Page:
Thursday, July 15, 2010

Where America Shops

I like catalogs.  No, let me clarify, I LOVE catalogs.  I've always loved catalogs.  I don't always order things out of catalogs, mostly because I'd go broke if I did and end up having enough stuff to hold a garage sale, but I love me some catalogs.

I used to get tons of catalogs in my mailbox all the time.  Harriet Carter, Lillian Vernon, Wireless, Newport News, Signals, etc. and there was always something I simply HAD to have.  And there was always things I had to ask myself, "Who in their right mind would EVER want something like this?"  

One of the best catalogs I ever got was called, "Ruby Montana's Pinto Pony" and it was full of Swell Stuff.  Really.  It said so on the cover, "Swell Stuff."  I loved RMPP and one time, when I was up in Seattle, I had to stop in at her store and I actually met Ruby herself.  I told her I came all the way from California just to visit her store and she was all, "That's great, you whackjob, get a life!" Ok, she didn't really say that but I know that's what she was thinking.  I was sad when Ruby closed up shop.

I received a catalog in the mail the other day called, "As We Change" and it's aimed at women who are, oh, let's call us "Pre-and-Post Menopausal."  And along with the clothing and undergarments and spa-type of things, there's some, how shall I put this, interesting items offered in this here catalog.  Oh sure, they have fancy names for these items, like "Feminine Personal Trainer" and the "Kegelcisor" but we all know what they REALLY are.  There's even some pyramid looking thing called "The Cone" that on one hand I'm dying to know how this thing works but on the other hand I'm not sure that I do because it looks pretty dang uncomfortable.  And weird.  And it's supposed to be for both men AND women and I'm all, "Uh, ok?"

I also got the Vermont Country Store catalog and talk about nostalgia.  I saw a dozen things in there that I don't need but am simply itching to have and not one of them is a Kindle.  I know, that's just crazy!

Speaking of books (books, Kindle = same thing), years ago (early 80's) I received a catalog from a bookseller I had never heard of.  There were so many great books in that catalog that I never saw at my local bookstore.  I thought I had died and gone to Book Heaven.  And based on the number of books I ordered and the amount of money I spent, I'm pretty sure I'm responsible for Barnes & Noble's success today.

One of the things about ordering from a catalog is that you get put on mailing lists for other catalogs and sometimes, you get a catalog that comes in a plain brown paper wrapper and you have to hide it from the kids and when you do look at it you're all, "No WAY!" and wonder if people actually DO that kind of stuff and then you go to throw it away but then you worry that the trashman is going to see it and tell all the other trash guys that the people who live at my address have some pretty weird and kinky tastes even though you know that the trash men don't even get out of the truck to empty the trash cans anymore because it's done with a robotic arm so that the trash guy never even SEES what he's dumping but what if he did?  A spiced up sex life is just not worth the stress is what I'm saying.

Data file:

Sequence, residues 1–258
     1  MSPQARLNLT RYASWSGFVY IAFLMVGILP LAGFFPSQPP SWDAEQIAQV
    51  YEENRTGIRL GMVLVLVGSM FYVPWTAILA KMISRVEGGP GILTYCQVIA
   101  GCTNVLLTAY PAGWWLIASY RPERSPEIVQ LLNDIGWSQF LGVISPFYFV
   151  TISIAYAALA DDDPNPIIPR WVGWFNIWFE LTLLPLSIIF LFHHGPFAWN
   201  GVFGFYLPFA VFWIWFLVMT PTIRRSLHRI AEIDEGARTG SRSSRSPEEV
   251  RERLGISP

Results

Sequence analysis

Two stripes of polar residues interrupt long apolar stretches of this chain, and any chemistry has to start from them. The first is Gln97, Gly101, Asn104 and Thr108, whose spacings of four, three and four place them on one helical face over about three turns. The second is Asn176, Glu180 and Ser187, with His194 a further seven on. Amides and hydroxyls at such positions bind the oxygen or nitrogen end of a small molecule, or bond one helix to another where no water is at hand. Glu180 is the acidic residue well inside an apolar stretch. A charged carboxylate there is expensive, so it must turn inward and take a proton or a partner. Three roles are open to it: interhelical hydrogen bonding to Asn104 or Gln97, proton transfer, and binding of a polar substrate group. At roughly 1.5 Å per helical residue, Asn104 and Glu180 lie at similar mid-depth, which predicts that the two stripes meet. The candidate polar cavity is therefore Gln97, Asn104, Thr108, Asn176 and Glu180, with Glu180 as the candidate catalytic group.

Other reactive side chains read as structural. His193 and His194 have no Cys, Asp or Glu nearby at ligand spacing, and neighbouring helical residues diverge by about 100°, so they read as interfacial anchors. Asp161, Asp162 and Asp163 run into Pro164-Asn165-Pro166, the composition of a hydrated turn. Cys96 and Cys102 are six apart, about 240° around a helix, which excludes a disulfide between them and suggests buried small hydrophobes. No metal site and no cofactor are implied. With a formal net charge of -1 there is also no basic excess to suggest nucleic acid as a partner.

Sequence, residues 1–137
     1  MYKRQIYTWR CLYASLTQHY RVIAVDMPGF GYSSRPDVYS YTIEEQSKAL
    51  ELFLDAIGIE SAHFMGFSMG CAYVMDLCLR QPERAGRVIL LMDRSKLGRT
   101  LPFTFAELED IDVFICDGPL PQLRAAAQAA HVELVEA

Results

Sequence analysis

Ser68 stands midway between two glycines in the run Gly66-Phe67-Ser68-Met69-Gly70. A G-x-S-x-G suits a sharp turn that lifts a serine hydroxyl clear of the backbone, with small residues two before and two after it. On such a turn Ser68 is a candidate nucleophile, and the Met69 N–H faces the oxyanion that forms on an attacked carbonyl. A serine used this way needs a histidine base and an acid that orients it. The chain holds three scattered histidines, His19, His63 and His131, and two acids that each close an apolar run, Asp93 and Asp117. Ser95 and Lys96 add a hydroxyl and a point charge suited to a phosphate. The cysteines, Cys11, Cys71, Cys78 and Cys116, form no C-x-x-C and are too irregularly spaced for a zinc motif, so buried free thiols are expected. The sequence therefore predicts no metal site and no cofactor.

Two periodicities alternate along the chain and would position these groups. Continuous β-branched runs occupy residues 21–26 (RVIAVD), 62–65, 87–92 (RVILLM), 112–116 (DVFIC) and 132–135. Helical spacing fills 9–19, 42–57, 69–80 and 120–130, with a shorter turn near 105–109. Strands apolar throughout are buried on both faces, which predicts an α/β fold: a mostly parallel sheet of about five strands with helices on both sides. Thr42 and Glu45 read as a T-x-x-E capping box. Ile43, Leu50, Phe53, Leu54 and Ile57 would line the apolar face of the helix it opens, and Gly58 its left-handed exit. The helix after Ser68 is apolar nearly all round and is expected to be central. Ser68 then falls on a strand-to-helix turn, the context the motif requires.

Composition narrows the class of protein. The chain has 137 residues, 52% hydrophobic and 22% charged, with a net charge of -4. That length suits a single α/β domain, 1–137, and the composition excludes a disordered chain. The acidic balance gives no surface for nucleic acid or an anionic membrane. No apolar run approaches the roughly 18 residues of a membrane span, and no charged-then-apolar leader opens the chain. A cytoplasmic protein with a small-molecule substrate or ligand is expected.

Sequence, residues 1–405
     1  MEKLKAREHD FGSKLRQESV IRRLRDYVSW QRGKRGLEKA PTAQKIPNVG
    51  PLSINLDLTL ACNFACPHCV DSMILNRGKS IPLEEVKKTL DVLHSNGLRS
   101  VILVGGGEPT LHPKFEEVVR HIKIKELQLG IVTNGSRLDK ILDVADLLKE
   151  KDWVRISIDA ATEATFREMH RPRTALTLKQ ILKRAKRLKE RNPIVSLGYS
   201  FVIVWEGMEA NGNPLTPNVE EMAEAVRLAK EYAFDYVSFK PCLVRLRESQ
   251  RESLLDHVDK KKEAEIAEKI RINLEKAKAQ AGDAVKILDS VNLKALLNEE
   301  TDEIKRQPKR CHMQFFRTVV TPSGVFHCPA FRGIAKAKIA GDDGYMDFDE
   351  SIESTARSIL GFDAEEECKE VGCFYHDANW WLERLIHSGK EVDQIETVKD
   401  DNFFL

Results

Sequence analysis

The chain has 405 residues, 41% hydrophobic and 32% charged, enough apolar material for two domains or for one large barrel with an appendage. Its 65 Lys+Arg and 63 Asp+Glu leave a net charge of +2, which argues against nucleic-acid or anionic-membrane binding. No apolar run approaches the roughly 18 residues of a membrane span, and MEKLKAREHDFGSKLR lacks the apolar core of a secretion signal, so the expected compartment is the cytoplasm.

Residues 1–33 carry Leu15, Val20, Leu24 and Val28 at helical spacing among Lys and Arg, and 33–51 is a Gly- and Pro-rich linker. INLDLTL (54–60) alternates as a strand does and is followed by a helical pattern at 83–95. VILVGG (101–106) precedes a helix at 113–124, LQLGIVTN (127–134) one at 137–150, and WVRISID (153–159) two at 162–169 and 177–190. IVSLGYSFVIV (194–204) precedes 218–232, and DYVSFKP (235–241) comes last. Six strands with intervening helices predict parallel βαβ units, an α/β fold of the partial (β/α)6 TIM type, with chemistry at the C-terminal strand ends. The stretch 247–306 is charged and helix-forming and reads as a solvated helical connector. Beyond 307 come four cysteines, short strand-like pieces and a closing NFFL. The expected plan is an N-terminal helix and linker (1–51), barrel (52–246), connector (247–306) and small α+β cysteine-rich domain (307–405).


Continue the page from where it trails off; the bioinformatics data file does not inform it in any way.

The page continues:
And who can forget the ne plus ultra of catalogs, the Catalog to end all Catalogs, the Catalog that every. single. kid in the USofA waited anxiously for every year.  That's right, the Sears Christmas Wish Book.  The Wish Book was the greatest catalog ever made.  Ever.  Forget Needless Markup Neiman Marcus with their luxury items and His-and-Her examples of Conspicuous Capitalist Consumption.  The Sears Wish Book had toys.  Hundreds of pages of toys.  And craft stuff and sporting goods and really tacky home decor items and musical instruments and dress up costumes like a Miss America costume with a tiara and sash and cape and silver-and-gold "toned" jewelry and oh!  All sorts of Christmas decorations so that you could make your house look like the North Pole vomited up on it, what with plastic Santa sleighs with reindeer and boy and girl choir singers and giant candles and that thing you put on your front door to make it look like Santa Claus himself has just opened the door to welcome you in, although that door thing always kind of scared me for some reason.

Ah, Sears.  It's where America Shopped.


  1. Congrats from another catalog addict. Great Blog.
    (I figure I saved a fortune in gasoline and car wear and tear, then spent it all and more on return shipping....oh well......still love catalogs.)

  2. Catalogs, I remember getting them in our mailbox. My mom always thought things weren't important. Though, we somehow managed to get them.
    Great post...:)